9. I'd leave the bubble wall in the tank a little longer and see what happens. Is there any way to turn the flow down on your air pump? A smaller current may help the little pearly gain her strength.

    The "Seven Dwarfs" I have in the big 75 gallon grow-out tank LOVE to get in the current from the bubble wall. They swim really hard against the current then let the current take them to the top of the tank and then they swim to the bottom to do it all over again. LOL, silly fish. It must be like riding a roller coaster for them -- they're always so happy to swim back to the bottom to do it again. LOL.

    A fish breeder once told me that rapid water movement in the tank is good for goldfish. It strengthens them and gives them exercise, but I like to be sure there are a few still spots in the tank for them to rest too. My big calico likes to "sleep" in the corner of the show tank where the water is still at night.

  10. Five gallons should be fine, but stay on top of your water changes. I had a big 8+ inch pond fish inside in a 15 gallon tote bin for more than a month to treat for something this fall and did partial water changes every single day to be sure the water wasn't going toxic. I almost hated to put her back in the pond she got so friendly. She would splash the dog and it was hilarious...... I wouldn't keep her in that small of a QT forever, but it worked for what I needed it for.... Stay on top of the water changes, and don't forget the dechlor and you should be fine.

  11. I like my python. :yeah:

    I LOVE the PYTHON Systems! I have FOUR of them -- One 25 footer for quarantine tanks, another 25 footer for the fish room, a LONG 75 footer with extended tube for the show tank upstairs, AND the Python Pond Vac. I think the Python is the invention to made it possible to go from just one or two tanks to many tanks for a lot of hobbyists. I still have to use small tubing and a bucket for fry tanks. There's no way I'd chance it with the python in those tanks with the baby fish, but for MOST of my tanks the python is the way to go......

  12. Hey Shamu, Congratulations on the new tank. I'm so jealous. That's the tank I wanted for my fish room, but I ended up with a used 75 gallon. I don't think we could have gotten a 125 down to the fish room in the basement with the way the steps curve anyway. A 125 is great because you can actually get to the bottom without having to get up on a step ladder. Some tanks are just too deep, but a 125 is perfect.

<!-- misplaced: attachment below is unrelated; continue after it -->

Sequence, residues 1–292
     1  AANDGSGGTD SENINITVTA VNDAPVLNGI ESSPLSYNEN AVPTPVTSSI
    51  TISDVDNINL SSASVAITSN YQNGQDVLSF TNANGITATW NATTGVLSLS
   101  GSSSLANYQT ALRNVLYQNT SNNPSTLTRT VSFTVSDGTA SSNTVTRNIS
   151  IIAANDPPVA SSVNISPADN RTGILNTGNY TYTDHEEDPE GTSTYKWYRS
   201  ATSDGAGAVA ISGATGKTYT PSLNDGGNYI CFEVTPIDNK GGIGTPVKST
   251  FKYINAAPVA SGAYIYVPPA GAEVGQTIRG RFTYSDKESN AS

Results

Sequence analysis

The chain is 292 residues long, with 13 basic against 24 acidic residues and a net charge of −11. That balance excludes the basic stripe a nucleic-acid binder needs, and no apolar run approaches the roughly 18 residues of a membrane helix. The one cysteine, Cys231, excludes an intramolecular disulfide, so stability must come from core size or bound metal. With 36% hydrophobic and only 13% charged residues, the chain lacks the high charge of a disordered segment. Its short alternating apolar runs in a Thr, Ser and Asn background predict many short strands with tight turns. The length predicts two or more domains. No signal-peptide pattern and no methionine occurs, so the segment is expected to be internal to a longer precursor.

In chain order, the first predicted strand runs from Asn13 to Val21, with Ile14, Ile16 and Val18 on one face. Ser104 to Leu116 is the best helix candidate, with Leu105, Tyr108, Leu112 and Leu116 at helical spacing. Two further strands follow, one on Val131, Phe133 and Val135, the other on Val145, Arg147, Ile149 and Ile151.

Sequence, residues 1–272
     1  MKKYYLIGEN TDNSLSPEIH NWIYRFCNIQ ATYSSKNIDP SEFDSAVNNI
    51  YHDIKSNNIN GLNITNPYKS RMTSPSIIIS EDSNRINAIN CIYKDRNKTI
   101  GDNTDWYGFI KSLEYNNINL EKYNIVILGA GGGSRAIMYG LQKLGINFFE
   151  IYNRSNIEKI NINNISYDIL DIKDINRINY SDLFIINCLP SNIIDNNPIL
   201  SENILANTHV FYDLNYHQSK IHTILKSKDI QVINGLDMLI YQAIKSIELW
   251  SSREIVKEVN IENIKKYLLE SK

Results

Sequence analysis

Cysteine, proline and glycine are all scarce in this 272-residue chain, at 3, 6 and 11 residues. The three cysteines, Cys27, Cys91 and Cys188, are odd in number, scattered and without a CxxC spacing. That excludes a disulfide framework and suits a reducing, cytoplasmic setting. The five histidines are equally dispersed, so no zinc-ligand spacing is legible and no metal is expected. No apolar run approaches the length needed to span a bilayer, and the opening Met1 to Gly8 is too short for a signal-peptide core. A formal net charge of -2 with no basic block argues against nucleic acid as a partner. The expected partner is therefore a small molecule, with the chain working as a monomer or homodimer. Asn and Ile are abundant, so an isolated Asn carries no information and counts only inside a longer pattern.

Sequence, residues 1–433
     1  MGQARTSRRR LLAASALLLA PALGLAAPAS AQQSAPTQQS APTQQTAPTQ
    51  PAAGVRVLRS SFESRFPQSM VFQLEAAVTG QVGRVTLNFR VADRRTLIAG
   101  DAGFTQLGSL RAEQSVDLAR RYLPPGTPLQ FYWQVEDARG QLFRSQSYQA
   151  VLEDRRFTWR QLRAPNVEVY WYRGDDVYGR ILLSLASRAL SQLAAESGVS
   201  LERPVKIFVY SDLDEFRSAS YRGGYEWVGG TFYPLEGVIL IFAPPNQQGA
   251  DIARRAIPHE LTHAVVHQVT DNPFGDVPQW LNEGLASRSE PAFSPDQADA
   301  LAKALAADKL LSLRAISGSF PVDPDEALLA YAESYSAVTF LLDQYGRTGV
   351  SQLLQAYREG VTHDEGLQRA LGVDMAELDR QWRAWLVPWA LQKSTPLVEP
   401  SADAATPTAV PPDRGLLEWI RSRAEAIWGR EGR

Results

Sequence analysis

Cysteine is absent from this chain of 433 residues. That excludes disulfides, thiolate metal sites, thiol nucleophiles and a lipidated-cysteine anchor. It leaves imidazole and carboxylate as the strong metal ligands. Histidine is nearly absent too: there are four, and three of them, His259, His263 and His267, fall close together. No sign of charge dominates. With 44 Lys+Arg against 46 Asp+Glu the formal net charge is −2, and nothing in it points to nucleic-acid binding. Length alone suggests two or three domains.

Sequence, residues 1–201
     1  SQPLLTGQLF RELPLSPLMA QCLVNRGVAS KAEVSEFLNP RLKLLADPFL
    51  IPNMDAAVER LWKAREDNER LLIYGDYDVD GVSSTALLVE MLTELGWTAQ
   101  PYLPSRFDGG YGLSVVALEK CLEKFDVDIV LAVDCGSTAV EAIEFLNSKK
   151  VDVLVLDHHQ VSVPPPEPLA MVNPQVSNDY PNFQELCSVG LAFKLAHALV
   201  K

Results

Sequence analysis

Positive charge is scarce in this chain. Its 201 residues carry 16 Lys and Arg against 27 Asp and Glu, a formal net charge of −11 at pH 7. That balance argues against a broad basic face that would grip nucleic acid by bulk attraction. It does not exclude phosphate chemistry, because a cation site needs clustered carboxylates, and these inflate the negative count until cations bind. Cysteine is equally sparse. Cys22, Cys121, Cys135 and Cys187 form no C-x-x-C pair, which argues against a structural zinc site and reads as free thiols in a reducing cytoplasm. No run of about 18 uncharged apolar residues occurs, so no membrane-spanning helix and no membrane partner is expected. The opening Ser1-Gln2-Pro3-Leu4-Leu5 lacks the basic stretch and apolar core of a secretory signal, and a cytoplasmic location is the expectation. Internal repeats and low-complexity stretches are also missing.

My 75 in the fish room is not level. When I fill it up I can see that it slopes from right to left -- the left side is a little lower than the right. I think it's because my concrete floor must not have been poured level. I just fill it up so to where I can't see the water at the rim and forget about it..... 2-3 mm is no big deal. I'm sure the tank can handle that.....

    Tell your dad that he can have his tropical planted tank when he BUILDS YOU A POND, LOL....... :D

    Really, I'm very excited for you.....

  13. I had the polished black river rock in my show tank but was bothered at how much gunk got stuck in and under the stones, so I took them out. It still looks pretty nice and the intake for the filter is resting on the bottom of the tank, so it sucks most of the poop out for me..... I potted up the plants and they look alright. I may still go to gravel someday, but for now this looks nice and it keeps the tank a lot cleaner.

    Before I had this show tank I broke down a smaller tank I had in that location and washed the gravel. It was full of gunk and stunk so badly, and this with me doing weekly water changes. You just cannot control what gets down in that gravel!

  14. The six original baby guppies are getting larger, BUT the female surprised me a week ago with NINE more babies! I got another 5 gallon tank and the female will be separated from the male. I remember reading that they can produce babies every 28 days and she was right on schedule! LOL.